Also read: Vinod Mehta on Arun Shourie, Dileep Padgaonkar

It isn’t easy telling tales of even dead editors

Wife-beater? Freeloader? Menace to society?

First lessons from the flirtatious hotshot editor

6 July 2010

Penguin Canada bossman David Davidar‘s hurriedly buried “consensual flirtatious” relationship with a colleague that resulted in his being sacked from the publishing house has prompted Priya Ramani, editor of Lounge, the Saturday section of Mint, to make public her own tryst with a “hotshot editor”:

“I’ll never forget my first job interview.

“The hotshot editor whose work I had worshipped growing up said he would meet me at his hotel at 7pm. When I got to the hotel, I called him on the house phone and he said, come on up.

“I shuffled around nervously for a couple of minutes in the lobby, torn between the eagerness of a 23-year-old to meet one of her journalism heroes and the thought that it was perhaps best to walk away from the job. He interviewed me over drinks besides the bed in his tiny room that was made up for the night.

“He was charming, he flirted, and I pretended not to recognize the signals. Eventually, I escaped unscathed. It was my first lesson on surviving the workplace.”

Read the full article: When boss is a consensual flirt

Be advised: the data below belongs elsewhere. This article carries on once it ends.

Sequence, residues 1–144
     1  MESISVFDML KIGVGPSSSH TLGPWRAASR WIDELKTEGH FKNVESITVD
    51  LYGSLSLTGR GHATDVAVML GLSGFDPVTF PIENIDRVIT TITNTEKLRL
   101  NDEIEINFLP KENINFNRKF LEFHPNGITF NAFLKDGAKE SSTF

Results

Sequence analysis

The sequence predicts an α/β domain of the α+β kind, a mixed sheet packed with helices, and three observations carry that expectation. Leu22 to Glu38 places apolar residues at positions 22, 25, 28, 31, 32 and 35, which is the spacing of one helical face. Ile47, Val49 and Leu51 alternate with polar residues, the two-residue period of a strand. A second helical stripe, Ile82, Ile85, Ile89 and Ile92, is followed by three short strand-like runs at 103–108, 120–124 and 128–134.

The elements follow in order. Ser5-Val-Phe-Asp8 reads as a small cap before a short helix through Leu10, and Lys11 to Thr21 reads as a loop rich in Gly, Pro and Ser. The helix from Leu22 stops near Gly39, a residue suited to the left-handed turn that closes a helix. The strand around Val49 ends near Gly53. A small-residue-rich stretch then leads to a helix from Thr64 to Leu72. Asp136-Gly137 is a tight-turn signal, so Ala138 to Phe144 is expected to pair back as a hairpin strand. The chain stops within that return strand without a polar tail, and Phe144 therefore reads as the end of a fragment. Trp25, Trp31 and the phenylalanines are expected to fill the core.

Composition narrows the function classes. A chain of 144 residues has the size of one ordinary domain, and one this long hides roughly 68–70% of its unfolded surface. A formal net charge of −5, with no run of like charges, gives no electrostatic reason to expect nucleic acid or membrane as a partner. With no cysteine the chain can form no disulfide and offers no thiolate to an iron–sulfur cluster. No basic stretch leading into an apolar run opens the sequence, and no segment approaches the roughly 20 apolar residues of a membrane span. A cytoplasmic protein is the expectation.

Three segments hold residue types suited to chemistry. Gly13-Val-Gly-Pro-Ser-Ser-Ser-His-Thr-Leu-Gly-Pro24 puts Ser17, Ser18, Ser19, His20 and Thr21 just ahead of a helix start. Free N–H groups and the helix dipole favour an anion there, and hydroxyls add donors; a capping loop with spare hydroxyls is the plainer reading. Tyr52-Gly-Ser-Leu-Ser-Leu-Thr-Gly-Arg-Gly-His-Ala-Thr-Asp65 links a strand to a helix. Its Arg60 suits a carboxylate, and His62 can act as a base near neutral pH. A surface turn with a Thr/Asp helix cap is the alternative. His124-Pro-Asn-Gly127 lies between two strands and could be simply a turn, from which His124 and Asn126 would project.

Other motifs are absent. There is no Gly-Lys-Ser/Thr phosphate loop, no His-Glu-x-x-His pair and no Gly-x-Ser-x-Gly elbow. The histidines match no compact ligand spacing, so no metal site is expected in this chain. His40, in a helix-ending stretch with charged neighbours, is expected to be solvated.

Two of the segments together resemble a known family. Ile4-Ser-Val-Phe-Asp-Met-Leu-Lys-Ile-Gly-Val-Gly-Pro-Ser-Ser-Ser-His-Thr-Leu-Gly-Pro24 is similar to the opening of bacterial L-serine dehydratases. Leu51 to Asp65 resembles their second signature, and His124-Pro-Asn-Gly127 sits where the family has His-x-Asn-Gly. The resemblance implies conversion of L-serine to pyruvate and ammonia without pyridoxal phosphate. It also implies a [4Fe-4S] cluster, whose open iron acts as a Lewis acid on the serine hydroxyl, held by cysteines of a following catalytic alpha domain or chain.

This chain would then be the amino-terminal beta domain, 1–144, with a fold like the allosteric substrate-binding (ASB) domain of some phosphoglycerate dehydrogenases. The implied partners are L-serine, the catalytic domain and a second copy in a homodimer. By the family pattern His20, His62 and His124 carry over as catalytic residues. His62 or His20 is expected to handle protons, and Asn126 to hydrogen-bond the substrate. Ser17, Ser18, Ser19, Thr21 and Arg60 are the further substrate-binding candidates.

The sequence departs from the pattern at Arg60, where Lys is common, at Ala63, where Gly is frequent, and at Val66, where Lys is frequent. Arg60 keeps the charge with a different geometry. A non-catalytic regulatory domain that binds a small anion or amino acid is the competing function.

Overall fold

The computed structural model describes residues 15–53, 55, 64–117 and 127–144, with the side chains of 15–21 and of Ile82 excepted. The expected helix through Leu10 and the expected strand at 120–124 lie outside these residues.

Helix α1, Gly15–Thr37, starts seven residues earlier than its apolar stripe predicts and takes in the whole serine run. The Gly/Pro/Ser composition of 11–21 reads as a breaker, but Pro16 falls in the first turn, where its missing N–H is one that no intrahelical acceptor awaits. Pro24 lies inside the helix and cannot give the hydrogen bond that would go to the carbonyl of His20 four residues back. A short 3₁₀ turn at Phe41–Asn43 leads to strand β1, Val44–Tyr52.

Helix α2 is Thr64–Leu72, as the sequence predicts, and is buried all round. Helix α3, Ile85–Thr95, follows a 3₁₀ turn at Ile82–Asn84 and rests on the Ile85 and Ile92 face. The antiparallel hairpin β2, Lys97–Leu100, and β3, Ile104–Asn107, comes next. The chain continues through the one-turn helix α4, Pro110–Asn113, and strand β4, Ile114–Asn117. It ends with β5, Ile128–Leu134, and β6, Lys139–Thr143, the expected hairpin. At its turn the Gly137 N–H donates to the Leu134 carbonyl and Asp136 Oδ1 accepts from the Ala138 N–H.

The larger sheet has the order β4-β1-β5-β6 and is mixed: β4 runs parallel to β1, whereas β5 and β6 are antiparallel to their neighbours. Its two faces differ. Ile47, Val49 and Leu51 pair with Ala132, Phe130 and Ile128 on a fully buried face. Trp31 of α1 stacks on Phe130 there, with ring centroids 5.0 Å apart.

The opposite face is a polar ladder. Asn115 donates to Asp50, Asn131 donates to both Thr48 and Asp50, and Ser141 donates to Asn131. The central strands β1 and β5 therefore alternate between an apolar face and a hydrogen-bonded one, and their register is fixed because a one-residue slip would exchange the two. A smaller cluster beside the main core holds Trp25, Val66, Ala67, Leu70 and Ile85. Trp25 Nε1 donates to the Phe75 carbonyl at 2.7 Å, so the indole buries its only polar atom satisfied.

Also read: WSJ editor denies minister’s SMS

‘Editor the Great’

Penguin sacks ex-Gentleman, David Davidar

12 June 2010

David Davidar, the former magazine journalist who rose to become publisher of such stellar Indian literary names as Arundhati Roy, Vikram Seth, Salman Rushdie, Khushwant Singh and Shobha De, has been sacked from Penguin Canada following charges of sexual harassment.

Davidar, 52, part of the team at the now defunct monthly, Gentleman launched by Minhaz Merchant, has been “asked to leave” the firm after a former rights and contracts director at the company, Lisa Rundle,  “brought an action” against him, Penguin Canada said in Toronto on Friday.

The new statement was in marked contrast to an earlier release on June 8 that suggested Davidar had left the company on his own to return to India to pursue his writing projects and other endeavours. Davidar is the author of two novels, The House of Blue Mangoes and The Emperor of Solitudes.